America’s wealthiest also get the heartfelt thanks of institutions near and dear to their hearts.

The superrich have a sweet spot for cultural palaces. Los Angeles will soon be home to the Lucas Museum of Narrative Art, a billion-dollar edifice that will house the Hollywood memorabilia of the billionaire filmmaker behind Star Wars. Los Angeles already also hosts The Broad, a $140-million contemporary art museum funded by billionaire Eli Broad that opened in 2015, and the Marciano Art Foundation, a newly completed museum that billionaire retailers Paul and Maurice Marciano have installed in a grand old Masonic Temple.

Meanwhile, despite a state law that requires California public schools to offer music, art, theater, and dance at every grade level, arts-education programs in the budget-strapped public schools of Los Angeles remain woefully “inadequate,” the Los Angeles Times reported late in 2015, with thousands of school children “not getting any arts instruction” at all. Nationwide, budget cutbacks have left millions of children without art education, especially in communities of color. In 1992, just over half of African-American young adults studied art in school. By 2008, that share had dropped to just over a quarter.

Millions for showcasing Star Wars memorabilia, pennies to help poor kids create and enjoy art. Even some billionaires find these sorts of philanthropic contradictions difficult to swallow. As financial industry maverick Bill Gross notes: “A $30 million gift to a concert hall is not philanthropy, it is a Napoleonic coronation.”

What else do the superrich get from their philanthropy? They get control over the public policymaking process. The think tanks, institutions, and organizations the wealthy underwrite shape and distort our political discourse. They define the bounds of what gets discussed and what gets ignored.

The foundations our mega rich endow, notes policy analyst Joanne Barkan, fund researchers “likely to design studies that will support their ideas.” These foundations engage “existing nonprofits or set up new ones to implement projects they’ve designed themselves.” Projects in place, they then “devote substantial resources to advocacy selling their ideas to the media, to government at every level, and to the public,” even directly bankrolling “journalism and media programming.”

Peter Buffett understands this dynamic from the inside. He runs a foundation created by his father Warren Buffett, by some accounts America’s most publicly spirited billionaire. In elite philanthropic gatherings, notes the younger Buffett, you’ll see “heads of state meeting with investment managers and corporate leaders,” all of them “searching for answers with their right hand to problems that others in the room have created with their left.” And their answers, Buffett charges, almost always keep “the existing structure of inequality in place.”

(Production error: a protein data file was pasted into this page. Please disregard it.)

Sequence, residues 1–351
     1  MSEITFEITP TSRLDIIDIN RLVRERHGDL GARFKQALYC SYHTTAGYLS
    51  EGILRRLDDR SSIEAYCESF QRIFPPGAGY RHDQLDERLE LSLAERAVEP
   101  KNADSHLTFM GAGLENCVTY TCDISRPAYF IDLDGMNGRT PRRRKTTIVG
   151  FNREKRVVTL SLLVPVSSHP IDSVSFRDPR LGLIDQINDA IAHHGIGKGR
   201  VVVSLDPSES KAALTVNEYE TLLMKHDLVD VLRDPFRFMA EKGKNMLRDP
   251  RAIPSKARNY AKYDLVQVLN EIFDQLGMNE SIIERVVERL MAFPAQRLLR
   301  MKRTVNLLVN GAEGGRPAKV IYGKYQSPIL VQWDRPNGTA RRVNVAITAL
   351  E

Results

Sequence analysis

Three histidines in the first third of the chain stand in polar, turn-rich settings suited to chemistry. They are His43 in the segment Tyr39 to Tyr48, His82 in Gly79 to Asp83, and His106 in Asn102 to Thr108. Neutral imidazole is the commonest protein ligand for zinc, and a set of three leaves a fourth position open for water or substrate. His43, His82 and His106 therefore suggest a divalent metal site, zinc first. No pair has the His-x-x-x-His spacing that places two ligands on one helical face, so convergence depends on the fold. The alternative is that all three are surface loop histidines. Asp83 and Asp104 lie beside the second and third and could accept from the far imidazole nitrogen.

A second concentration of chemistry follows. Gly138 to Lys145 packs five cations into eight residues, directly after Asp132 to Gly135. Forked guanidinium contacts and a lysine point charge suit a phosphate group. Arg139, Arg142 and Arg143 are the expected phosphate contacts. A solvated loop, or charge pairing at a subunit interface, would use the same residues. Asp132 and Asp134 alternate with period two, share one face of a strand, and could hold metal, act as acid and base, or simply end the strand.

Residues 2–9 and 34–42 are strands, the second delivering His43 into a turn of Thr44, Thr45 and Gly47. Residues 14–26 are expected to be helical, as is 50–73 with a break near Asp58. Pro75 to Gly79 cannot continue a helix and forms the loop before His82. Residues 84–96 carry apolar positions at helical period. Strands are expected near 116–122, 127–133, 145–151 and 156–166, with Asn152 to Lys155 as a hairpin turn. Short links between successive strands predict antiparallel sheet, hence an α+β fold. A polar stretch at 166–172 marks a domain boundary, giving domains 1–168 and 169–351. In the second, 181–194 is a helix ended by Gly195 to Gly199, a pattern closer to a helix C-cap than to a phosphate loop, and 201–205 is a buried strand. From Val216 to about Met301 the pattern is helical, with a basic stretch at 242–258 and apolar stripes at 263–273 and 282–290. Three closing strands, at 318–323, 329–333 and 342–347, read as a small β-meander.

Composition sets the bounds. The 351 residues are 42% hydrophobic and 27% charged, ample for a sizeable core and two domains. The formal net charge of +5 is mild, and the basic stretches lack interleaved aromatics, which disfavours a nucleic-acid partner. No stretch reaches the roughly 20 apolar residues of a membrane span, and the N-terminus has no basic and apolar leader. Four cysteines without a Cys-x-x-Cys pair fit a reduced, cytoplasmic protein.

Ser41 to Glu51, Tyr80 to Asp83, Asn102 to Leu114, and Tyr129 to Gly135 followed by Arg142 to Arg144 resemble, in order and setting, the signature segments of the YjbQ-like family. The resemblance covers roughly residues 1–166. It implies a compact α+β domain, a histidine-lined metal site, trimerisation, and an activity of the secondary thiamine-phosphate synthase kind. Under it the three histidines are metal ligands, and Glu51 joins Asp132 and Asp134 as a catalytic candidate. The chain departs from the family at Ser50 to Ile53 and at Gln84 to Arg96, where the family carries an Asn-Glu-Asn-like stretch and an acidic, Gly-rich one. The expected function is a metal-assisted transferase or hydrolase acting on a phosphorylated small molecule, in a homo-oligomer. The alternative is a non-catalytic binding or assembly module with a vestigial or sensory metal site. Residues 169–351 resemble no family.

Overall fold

Peter Buffett dubs this comforting charade “conscience laundering.” Philanthropy helps the wealthy feel less torn “about accumulating more than any one person could possibly need.” They “sleep better at night.”

Through all this, income and wealth distribution remain a concern that few philanthropic foundations dare to address. America’s Foundation Center recorded nearly four million foundation grants in the decade after 2004. Only 251 of these referenced “inequality.”

Some philanthropic heavies, most noticeably the Ford Foundation, have recently announced a commitment to addressing inequality. But philanthropy’s observers remain skeptical about how much difference this will make. Societies most dependent on philanthropy, notes foundation veteran Michael Edwards, remain the most unequal, and those nations — mostly in Scandinavia — that have the highest levels of equality and social well-being have the tiniest philanthropic sectors.

Generations ago, during the original Gilded Age, the millionaire soap manufacturer Joseph Fels announced to Americans of his deeply unequal time that philanthropy was only “making matters worse.” Fels urged his fellow millionaires to fight for a new America that would make the superrich “such as you and myself impossible.”

His advice remains sound. We could survive without a superrich. Indeed, we would thrive without them.

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The Grace Hudson Museum and its Gift Shop will be open on First Friday, Dec. 7, from 5 to 8 p.m., as it participates in the Caminata de Luces (Parade of Lights), a walk and bicycle event along the Rail Trail. Organized by Walk & Bike Mendocino, the family-friendly Caminata will stretch from the Art Council offices on West Perkins Street along the Rail Trail to West Gobbi Street, with the Grace Hudson Museum a convenient stop in between. Visitors can enjoy the Museum's galleries, including the current exhibition, "Artful Liaisons: Connecting Painters Grace Carpenter, Edward Espey, and Grafton Tyler Brown." In front of the Museum, delicious Ethiopian cuisine will be available from Yusuf Heyi, whose food stall has become a regular feature at Ukiah's Farmers Market on Saturdays. As with all First Fridays, admission to the Museum is free.

Praises to Tonantzin

On Sunday, Dec. 9, from 6 to 8 p.m., the Grace Hudson Museum hosts the ninth annual evening of poetry and song celebrating the feast day of the Virgin of Guadalupe and the Winter Solstice. The Virgin of Guadalupe is often known as Tonantzin, meaning the mother goddess, Mother Earth, and a form of address for the Virgin Mary. Her actual feast day is on December 12 and blends the Old and New Worlds, embodying the Catholic Church and the indigenous peoples of Mexico. Celebrants can participate as readers, as listeners, or as both, and are invited to bring offerings of poetry, stories, dreams, or music — their own or the work of others — in English and/or Spanish.